New Armed Robot for Israel’s Military Raises Concerns

15 September 2021

An Israeli military contractor has built an armed, unmanned robot designed to be deployed in many battle situations.

The vehicle is called Rex MK II. It was developed by state-owned contractor Israel Aerospace Industries, also known as IAI. The robot is semi-autonomous, with the ability to perform some operations on its own. It can also be guided by humans remotely through an electronic controller.

Officials from IAI said the vehicle was built to support Israeli military ground forces in different levels of fighting. It can carry equipment and supplies, gather intelligence and open fire at nearby targets.

The robot can carry two machine guns and a series of cameras and sensors to support military activities. It was also designed with the ability to transport injured soldiers.

Deputy head of Israel Aerospace Industries autonomous systems division, Rani Avni, speaks during an interview with The Associated Press in an IAI facility near the central Israeli city of Lod, Thursday, Sept. 9, 2021. (AP Photo/Sebastian Scheiner)
Deputy head of Israel Aerospace Industries autonomous systems division, Rani Avni, speaks during an interview with The Associated Press in an IAI facility near the central Israeli city of Lod, Thursday, Sept. 9, 2021. (AP Photo/Sebastian Scheiner)

Rani Avni helps lead the development of autonomous systems for IAI. He told The Associated Press the Rex MK II is the most advanced in a series of unmanned vehicles developed for the Israeli military over the past 15 years.

Israel's military is currently using a similar but smaller vehicle called the Jaguar. The Jaguar is used to guard Israel's border with the Gaza Strip. The Islamic militant group Hamas took control of Gaza from the Palestinian Authority in 2007. As a result, Israel closed off its border with Gaza and enforces a blockade.

Gaza is home to 2 million Palestinians who face the blockade, which is supported by Egypt. Protests take place there and Palestinian militants and laborers try to cross over into Israel.

The Israeli army's website states that the semi-autonomous Jaguar was designed to reduce danger to soldiers working along the Gaza-Israel border. The Jaguar also carries a machine gun and is one of many technology tools used by the Israeli military. The army also has used drones with guided missiles in operations against Hamas forces.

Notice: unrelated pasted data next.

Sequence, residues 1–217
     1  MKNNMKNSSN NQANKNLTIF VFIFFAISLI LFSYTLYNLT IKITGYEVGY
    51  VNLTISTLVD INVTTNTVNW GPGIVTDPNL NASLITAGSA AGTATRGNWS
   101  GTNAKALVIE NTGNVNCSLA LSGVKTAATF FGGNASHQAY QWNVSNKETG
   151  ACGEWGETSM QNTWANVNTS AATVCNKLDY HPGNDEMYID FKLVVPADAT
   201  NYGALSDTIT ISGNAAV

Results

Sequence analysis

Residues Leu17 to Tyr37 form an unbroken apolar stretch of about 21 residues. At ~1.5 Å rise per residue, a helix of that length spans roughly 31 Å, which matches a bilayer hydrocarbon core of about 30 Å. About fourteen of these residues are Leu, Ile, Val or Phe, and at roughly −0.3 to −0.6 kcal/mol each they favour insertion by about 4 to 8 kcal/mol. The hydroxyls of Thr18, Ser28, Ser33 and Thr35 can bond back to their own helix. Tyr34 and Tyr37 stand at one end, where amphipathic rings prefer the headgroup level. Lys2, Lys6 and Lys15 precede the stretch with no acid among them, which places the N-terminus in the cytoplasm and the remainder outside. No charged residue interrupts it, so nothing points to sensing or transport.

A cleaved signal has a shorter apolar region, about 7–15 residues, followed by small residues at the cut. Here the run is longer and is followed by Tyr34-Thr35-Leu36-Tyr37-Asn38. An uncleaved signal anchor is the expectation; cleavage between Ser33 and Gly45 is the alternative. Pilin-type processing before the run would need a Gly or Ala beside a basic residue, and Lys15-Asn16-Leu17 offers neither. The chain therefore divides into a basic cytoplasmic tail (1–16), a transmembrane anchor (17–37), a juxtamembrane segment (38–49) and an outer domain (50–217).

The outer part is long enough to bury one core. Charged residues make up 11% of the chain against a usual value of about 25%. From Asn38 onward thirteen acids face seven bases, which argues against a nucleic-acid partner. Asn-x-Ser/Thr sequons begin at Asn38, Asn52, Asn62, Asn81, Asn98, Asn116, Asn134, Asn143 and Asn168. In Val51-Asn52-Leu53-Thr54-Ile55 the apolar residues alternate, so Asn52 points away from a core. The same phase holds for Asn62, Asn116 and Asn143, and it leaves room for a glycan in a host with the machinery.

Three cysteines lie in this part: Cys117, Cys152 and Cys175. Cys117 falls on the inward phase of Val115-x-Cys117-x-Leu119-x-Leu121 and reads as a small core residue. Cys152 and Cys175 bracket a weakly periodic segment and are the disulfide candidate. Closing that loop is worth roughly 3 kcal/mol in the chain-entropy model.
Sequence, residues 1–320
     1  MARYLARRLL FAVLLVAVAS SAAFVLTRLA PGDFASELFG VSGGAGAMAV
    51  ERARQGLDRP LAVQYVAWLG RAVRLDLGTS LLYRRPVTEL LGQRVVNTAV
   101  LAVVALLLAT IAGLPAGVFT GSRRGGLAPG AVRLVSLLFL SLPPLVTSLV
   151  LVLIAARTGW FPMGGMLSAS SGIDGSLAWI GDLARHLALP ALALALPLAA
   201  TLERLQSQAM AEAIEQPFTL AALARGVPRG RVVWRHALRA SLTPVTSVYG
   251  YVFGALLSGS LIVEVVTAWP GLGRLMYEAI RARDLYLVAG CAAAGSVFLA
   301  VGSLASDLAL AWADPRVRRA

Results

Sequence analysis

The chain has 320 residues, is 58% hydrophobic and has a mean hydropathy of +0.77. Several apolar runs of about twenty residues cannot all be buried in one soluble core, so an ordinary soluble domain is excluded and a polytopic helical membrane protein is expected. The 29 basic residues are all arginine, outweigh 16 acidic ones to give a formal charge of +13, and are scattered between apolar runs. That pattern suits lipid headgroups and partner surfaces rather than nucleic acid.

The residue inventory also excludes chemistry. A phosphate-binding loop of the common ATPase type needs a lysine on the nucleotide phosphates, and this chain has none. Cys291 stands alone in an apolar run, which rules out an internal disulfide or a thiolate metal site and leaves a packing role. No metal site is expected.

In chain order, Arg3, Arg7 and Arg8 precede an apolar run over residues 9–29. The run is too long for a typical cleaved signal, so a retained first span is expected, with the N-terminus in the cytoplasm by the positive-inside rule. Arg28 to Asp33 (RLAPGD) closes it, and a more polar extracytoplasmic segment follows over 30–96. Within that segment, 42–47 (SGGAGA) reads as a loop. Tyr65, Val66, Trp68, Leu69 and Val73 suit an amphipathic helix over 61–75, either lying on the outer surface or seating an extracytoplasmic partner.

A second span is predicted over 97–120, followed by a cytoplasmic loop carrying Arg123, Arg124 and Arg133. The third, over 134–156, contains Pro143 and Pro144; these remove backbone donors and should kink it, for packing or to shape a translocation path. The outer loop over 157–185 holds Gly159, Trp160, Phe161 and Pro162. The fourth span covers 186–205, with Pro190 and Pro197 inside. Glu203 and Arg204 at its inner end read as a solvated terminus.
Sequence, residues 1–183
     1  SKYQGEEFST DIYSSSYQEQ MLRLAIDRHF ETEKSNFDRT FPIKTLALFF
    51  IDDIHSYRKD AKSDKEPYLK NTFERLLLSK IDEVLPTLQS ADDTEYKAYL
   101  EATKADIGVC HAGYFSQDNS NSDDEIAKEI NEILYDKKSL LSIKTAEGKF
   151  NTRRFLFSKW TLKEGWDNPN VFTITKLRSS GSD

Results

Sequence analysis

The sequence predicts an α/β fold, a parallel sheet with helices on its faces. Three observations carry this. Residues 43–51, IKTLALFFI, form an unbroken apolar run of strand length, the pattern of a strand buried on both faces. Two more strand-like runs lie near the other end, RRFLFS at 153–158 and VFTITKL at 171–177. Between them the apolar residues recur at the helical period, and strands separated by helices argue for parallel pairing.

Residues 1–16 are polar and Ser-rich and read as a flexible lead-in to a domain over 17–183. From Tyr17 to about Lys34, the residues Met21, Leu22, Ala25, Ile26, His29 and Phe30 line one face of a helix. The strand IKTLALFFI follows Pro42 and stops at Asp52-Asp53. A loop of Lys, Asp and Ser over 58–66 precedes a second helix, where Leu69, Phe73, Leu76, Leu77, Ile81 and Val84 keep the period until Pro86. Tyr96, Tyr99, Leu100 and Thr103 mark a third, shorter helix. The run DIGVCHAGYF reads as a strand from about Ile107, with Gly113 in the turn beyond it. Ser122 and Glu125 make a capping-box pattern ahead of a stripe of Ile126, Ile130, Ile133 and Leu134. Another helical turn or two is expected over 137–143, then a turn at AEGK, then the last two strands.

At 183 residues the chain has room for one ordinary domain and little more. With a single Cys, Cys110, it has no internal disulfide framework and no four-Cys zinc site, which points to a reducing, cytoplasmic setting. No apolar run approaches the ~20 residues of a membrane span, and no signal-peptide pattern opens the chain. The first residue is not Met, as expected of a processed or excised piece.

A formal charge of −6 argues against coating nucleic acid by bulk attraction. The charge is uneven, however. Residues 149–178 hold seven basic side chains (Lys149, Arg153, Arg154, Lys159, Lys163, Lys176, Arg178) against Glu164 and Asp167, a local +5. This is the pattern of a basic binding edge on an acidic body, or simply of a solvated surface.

Unmanned ground vehicles are increasingly being used by other armies. Countries include the United States, Britain and Russia. They are designed for things like providing operational support, removing landmines and firing weapons.

The military contractor says the new Rex MK II can complete many actions on its own, such as controlling movements and carrying out surveillance. Actions such as firing a weapon require a human to operate the electronic controller.

Critics have raised concerns that robotic weapons could decide on their own, possibly mistakenly, to shoot at targets. The company said that while the new robotic vehicle was developed with that ability, the current version being offered does not have it.

"It is possible to make the weapon itself also autonomous, however, it is a decision of the user today," developer Rani Avni said. "The maturity of the system or the user is not there yet," he added.

Yonni Gedj is an operational expert in IAI's robotics division. He said the robot is built to become smarter over time. "With every mission, the device collects more data which it then learns from for future missions," he told the AP.

Bonnie Docherty is a researcher with the arms division of Human Rights Watch. She said such weapons can be dangerous because they cannot be trusted to recognize soldiers from civilians. The robots are also not equipped to make the right decisions about the harm attacks could cause to civilians.

"Machines cannot understand the value of human life," Docherty said. This "undermines human dignity and violates human rights laws," she added. In a 2012 report, Docherty called for fully automated weapons to be banned by international law.

I'm Bryan Lynn.

The Associated Press reported this story. Bryan Lynn adapted the report for VOA Learning English, with additional information from Israel Aerospace Industries. Mario Ritter, Jr. was the editor.

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Words in This Story

autonomous – adj. independent and having the power to operate automatically without human involvement

remote adj. far away, from a distance

advanced – adj. having developed or progressed to a late stage

drone – n. a small, pilotless aircraft

surveillance – n. the process of getting information about a place or an area for military use

maturity n. the time when someone or something is completely grown or developed

mission – n. an important job, usually involving travel somewhere

undermine – v. lessen the effectiveness, power or ability of something

dignity – n. the state of being worthy of honor or respect